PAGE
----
I do not charge any fees for the work I do. I expect that the patient therapist or provider to appeal the first denial, and when that appeal is upheld (and it will be) then I will help writing the Redetermination Request. For Medicare cases, when that is denied, I will ask to be designated the Authorized Representative and I will write and submit the Reconsideration Request for an “independent determination” by a Medicare Quality Independent Contractor. I will at that time generate an evidence package for use at a Medicare Administrative Law Judge hearing. This is the first level of appeal at which we have a Chance of winning the appeal and being reimbursed.

Contact me when you are denied reimbursement. Robert Weiss, M.S. Lymphedema Treatment Advocate


Medicare Appeal Procedure

Start by asking your dealer to send in a Medicare reimbursement claim (even though you know that they will deny the request). They may ask you to sign an Advanced Beneficiary Notice of Non-payment (ABN). That's OK.

If your dealer will not file a claim then ask them to help you file a CMS-1490 Beneficiary Claim Form. I am attaching one to this message. Make sure that the bill for the graduated compression garment (Do NOT call it a “support garment” since support garments are not covered) has an L-code and not an A-code. Use L-8220 Gradient Compression Stocking, Lymphedema for a lower limb garment, S-8420-8428 for an upper limb garment. Make sure that Block 4 on the form includes a diagnostic code for lymphedema (e.g. 457.0 post-mastectomy lymphedema, 457.1 lymphedema, other than post-mastectomy or 757.0 congenital lymphedema lower limbs). Please read the instructions on page 2 of the form. Don't forget to send a copy of the invoice for the garment with the other information called for. Also make sure that the provider uses the code numbers above.

Start collecting documentation from your doctor and your therapist that will be used to conduct the appeal after your request for redetermination is denied.

Get letters from your physician and therapist that would include the following:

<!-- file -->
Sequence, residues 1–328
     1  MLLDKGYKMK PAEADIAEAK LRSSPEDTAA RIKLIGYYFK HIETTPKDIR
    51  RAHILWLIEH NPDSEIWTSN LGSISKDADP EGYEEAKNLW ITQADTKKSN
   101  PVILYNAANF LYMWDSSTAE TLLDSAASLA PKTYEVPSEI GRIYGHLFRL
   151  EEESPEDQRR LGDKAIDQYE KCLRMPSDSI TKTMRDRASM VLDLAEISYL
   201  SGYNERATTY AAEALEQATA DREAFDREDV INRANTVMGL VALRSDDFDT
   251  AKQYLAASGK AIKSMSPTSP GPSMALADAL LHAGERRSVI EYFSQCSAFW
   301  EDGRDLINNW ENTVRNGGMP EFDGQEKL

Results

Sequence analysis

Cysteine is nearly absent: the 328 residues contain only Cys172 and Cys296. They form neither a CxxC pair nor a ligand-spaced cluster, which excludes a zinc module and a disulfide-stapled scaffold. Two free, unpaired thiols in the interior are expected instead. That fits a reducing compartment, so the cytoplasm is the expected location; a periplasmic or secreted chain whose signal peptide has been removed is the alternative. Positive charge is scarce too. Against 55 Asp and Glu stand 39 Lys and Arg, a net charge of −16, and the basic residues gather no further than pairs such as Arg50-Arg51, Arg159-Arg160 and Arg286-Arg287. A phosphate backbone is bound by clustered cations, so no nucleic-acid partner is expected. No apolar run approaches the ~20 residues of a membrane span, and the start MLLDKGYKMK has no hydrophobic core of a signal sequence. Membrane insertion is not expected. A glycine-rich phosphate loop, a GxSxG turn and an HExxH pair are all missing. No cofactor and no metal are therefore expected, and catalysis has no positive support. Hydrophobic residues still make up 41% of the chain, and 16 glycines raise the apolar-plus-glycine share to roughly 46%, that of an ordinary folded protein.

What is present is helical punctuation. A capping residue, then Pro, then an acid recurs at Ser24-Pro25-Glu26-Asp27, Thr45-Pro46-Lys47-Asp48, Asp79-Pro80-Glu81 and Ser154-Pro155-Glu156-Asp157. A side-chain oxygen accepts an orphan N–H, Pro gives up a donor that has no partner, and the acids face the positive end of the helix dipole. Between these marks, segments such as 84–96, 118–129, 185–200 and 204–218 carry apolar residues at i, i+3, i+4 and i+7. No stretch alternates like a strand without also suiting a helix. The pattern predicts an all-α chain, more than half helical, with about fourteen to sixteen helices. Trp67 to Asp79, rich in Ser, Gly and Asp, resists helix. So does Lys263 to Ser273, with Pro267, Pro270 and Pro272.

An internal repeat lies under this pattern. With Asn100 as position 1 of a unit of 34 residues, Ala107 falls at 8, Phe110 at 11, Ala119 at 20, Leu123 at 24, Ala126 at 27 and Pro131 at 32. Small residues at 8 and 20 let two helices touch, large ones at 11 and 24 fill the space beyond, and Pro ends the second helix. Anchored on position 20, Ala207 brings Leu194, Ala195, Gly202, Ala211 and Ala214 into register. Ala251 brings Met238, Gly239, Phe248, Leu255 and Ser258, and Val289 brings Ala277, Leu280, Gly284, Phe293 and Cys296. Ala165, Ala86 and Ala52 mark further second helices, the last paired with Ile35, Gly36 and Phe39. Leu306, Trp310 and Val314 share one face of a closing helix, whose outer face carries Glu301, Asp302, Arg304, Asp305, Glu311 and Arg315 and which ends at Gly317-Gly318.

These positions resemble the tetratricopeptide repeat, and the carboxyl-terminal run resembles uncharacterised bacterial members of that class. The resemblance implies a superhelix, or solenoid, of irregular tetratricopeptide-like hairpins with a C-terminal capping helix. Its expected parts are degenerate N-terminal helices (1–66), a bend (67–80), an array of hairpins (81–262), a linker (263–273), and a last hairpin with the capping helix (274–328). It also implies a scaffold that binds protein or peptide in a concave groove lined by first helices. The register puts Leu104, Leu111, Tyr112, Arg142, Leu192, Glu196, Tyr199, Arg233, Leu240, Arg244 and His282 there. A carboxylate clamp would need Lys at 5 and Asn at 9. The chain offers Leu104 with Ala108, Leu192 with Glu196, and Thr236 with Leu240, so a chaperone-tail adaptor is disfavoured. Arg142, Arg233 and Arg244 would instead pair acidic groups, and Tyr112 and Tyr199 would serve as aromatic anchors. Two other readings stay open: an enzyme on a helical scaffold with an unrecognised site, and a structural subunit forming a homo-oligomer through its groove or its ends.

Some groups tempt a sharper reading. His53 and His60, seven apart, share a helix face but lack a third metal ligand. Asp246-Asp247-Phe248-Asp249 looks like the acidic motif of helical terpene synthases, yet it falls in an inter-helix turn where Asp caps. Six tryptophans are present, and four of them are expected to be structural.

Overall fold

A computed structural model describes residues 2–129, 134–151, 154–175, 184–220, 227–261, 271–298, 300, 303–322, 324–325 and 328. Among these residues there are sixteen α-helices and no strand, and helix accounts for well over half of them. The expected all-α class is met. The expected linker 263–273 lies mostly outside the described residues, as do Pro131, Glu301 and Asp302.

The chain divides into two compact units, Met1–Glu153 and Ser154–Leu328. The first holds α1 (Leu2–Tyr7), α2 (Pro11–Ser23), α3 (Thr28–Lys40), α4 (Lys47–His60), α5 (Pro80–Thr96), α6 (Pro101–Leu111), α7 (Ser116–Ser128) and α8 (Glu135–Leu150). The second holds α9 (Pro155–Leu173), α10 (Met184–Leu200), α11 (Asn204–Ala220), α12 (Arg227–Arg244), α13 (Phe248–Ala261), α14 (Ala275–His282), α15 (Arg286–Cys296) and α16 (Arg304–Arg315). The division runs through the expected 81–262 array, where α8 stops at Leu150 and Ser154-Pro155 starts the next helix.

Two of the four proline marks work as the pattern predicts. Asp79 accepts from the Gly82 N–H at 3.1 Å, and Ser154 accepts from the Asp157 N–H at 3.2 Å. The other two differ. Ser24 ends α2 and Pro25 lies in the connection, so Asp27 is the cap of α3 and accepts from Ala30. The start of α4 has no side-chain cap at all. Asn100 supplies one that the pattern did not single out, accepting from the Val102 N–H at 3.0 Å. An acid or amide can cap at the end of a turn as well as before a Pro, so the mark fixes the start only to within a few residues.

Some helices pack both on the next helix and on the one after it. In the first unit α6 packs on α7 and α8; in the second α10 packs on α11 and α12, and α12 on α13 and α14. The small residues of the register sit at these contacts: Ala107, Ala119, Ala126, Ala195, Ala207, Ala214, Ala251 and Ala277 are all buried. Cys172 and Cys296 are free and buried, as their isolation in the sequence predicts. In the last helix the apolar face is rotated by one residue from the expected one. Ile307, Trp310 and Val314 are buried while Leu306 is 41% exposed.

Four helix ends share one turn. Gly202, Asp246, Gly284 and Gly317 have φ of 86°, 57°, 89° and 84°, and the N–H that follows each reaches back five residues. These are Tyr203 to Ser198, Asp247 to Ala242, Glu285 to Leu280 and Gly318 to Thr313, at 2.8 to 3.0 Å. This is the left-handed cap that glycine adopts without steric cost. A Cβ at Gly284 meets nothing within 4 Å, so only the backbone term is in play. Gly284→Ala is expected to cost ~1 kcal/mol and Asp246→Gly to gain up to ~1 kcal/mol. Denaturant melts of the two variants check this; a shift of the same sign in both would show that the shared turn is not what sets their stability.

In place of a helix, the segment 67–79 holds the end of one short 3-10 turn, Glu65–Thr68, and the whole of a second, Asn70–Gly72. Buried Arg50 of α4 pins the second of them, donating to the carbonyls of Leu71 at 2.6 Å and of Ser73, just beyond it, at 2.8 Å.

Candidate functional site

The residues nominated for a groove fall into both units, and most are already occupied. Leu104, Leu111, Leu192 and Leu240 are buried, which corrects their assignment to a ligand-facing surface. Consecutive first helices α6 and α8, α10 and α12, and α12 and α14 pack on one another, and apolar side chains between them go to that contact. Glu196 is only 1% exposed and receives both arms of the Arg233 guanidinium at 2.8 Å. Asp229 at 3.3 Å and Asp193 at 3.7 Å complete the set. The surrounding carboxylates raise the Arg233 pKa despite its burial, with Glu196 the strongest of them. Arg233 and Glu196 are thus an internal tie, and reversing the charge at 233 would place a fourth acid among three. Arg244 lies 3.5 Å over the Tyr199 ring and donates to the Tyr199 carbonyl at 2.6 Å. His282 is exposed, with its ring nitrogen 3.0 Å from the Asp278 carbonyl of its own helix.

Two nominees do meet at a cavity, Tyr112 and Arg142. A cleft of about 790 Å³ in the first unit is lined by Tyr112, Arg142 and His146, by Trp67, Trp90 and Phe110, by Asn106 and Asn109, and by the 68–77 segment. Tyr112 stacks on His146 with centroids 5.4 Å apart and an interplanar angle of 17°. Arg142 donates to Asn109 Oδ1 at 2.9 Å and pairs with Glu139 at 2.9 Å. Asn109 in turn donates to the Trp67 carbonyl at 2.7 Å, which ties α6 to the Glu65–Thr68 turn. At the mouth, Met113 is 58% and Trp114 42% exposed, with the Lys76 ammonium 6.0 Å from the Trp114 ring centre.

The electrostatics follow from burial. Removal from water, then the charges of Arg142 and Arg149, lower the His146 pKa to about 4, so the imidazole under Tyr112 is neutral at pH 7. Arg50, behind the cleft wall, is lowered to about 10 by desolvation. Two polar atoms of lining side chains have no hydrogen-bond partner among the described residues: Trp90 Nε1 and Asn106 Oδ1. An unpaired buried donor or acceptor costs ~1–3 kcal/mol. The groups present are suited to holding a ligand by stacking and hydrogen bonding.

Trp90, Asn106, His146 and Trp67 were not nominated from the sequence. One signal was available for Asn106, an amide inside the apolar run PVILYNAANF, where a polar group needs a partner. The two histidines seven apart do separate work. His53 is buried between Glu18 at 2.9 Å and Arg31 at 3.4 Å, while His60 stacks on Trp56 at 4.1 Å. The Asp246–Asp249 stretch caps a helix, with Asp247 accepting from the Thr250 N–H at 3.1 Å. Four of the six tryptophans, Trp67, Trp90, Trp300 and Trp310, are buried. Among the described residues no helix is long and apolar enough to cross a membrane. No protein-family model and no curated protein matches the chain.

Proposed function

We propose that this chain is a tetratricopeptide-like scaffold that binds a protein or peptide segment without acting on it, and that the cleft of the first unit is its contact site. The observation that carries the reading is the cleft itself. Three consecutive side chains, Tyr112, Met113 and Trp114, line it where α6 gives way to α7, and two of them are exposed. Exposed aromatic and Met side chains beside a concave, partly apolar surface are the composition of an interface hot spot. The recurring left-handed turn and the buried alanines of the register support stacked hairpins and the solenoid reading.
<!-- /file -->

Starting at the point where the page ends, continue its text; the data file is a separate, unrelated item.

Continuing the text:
• a physician-documented diagnosis of lymphedema with diagnosis code;
  • a statement as to the ability of the patient/caregiver to follow through with the continuation of treatment per the long term home treatment plan;
  • history and physical examination summary which address the cause of the lymphedema, describing any prior treatment. It must also address the symptoms which necessitate treatment and diagnosis of any co-conditions which would complicate lymphedema treatment (e.g. obesity, congestive heart condition, venous insufficiency, peripheral arterial disease, etc.);
  • measurement of body part/extremity prior to treatment;
  • a report showing the progress of the therapy which should contain measurements showing a reduction in size of the extremity. This should also address the response of the patient/patient caregiver to the education and their understanding and ability to take on some of the responsibilities of the treatment. This progress report must also address the expected outcome of the treatment as well as the expected duration of treatment;

Get a copy of the physician's referral to the therapist and a prescription for the compression supplies that are being denied.

After the redetermination requests are denied, I will help you with the next step, a request for reconsideration, which will be sent to a Medicare Quality Insurance Contractor. This request will also be denied, but then enables us to appeal to a Medicare Administrative Law Judge. This is the key level, and is the first point where you will get a fighting chance to win your case. It is unfortunate that we must go through all the other hoops first, just to get to this point.

I will ask you, at some point, to authorize me to be your representative in this matter. I'll send you the form to be filled out at that point. At no time will I ask you for any payment for my services, and I will sign a waiver of all fees or remuneration on the authorization. In the meantime you can send copies of the Medicare Summary Notice (MSN), prescription and your correspondence with Medicare and your provider or insurer to me at:

Robert Weiss 10671 Baton Rouge Avenue Northridge, CA 91326-2905.

Please remember that every great journey begins with a single step. The process is long and tedious, and there is no guarantee that you will ultimately win, but you must be one of the brave ones who fights for your rights and helps change the system.

Looking forward to helping you.

Robert Weiss, M.S. Lymphedema Treatment Advocate

Email: Tel: 818-368-6340 Fax: 818-368-6432

Medicare (non)Coverage of Lymphedema Treatment